After William Pitt the Younger (first term aged 24), Sunak is our youngest ever Prime Minister. His political instincts seem undeveloped. He may learn. But he has to carry the fractious Conservative Party with him whilst facing a confident Opposition and multiple, intractable problems. And he has Parliament’s European Research Group (ERG) lying in wait. No wonder Conservative MPs are looking for their next job. Meanwhile we seem no longer to wish to provide some kind of leadership in the world’s slow march towards reduction in carbon emissions. The “windfall tax” on oil companies is linked to 90% tax relief on investments in exploration for more oil and gas. (See Politics, Power & Profits 21/10/22). To date we have heard nothing from this Government about how to achieve carbon emissions targets by mid-century. Youthful stamina and all the personal wealth in the world will not solve such problems.
Sunak has not been to see King Charles to tell him to ignore previous advice not to attend COP27, nor told him that Britain is proud of his decades of work building awareness of the rolling catastrophe that is global warming. Nor has the PM indicated that most of the British people would want the King to continue his work. Curbing climate change is a global imperative which Charles has been speaking about for many years, not a personal campaign like the one against architecture he didn’t like.
Treating the struggle to achieve a global consensus on combating fossil fuel emissions as a contentious matter of party politics or ideology is a self-fulfilling prophecy. Even extreme libertarians must want a planet liveable enough for their descendants to be libertarian in, though some of the ERGs, the back-seat drivers of Tory policy, behave like closet climate change deniers. As the constitutional monarch of “global Britain”, Charles should go beyond the limitations of traditional monarchical duties, always being the passive symbol of past glories, a figurehead, a fig-leaf hiding disunity. He has earned the right to speak for the future every man, woman and child on the planet.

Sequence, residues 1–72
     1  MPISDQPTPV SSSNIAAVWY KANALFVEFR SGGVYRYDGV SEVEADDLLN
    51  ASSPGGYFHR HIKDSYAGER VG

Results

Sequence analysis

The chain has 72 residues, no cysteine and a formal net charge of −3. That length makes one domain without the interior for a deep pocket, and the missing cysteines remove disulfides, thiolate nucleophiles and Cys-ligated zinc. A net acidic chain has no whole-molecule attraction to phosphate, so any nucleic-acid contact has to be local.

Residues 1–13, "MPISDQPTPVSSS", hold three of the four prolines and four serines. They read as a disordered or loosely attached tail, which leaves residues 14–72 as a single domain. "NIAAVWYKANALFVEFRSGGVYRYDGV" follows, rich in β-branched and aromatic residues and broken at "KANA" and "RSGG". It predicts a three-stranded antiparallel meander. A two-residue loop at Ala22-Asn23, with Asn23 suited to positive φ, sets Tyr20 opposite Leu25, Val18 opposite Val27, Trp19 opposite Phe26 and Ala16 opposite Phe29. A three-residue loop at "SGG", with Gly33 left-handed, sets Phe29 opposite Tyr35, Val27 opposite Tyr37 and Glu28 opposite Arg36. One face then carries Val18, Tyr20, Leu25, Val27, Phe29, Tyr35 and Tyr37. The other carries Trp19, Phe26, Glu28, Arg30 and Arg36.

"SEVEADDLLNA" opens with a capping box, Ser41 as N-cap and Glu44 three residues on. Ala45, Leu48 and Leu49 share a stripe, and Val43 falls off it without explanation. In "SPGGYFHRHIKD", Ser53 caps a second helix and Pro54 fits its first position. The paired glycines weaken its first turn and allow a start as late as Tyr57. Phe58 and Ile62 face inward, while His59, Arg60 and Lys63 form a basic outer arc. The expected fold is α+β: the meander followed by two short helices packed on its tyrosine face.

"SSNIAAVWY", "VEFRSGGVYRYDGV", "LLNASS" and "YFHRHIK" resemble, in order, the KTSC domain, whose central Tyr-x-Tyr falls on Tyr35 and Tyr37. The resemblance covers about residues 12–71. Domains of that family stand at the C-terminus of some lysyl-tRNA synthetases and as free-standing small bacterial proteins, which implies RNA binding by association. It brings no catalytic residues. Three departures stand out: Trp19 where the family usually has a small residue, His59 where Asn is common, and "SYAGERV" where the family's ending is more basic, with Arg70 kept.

Other voices have been raised. Before last year’s Glasgow COP 26, Cardinal Vincent Nichols wrote to the Prime Minister calling for the UK to “lead in championing green energy solutions”, “support poorer and vulnerable communities”, and lead in creating international partnerships to the same end. A revised edition of The Call of Creation, written by the English and Welsh Catholic Bishops, now twenty years old, was issued, calling for a “profound internal conversion”. Bishop John Arnold, the lead Catholic bishop on the environment, followed up the publication in a podcast this October saying: “Pakistan – 33 million people directly affected by climate change. We’ve got Japan with Typhoon Nanmadol – three million people evacuated; the Puerto Rico typhoon; Alaskan storms; the west states of the United States with their wildfires; Kentucky with its ongoing flood damage. Really, it’s an appalling state of affairs. When are we going to make it urgent to be effective in our response?”
Last year, in The Call of Creation, the Catholic bishops warned: “The COP 26 summit must not be allowed to fail through governments’ refusal to take decisive action because they think public opinion is against them”, The Government must know that the same warning should be heeded this year, but with even greater urgency. It would be an instructive read for Rishi Sunak on his forthcoming flight to Egypt. And before appearing at COP27, he might also find time for the 2009 Hindu Declaration on Climate Change.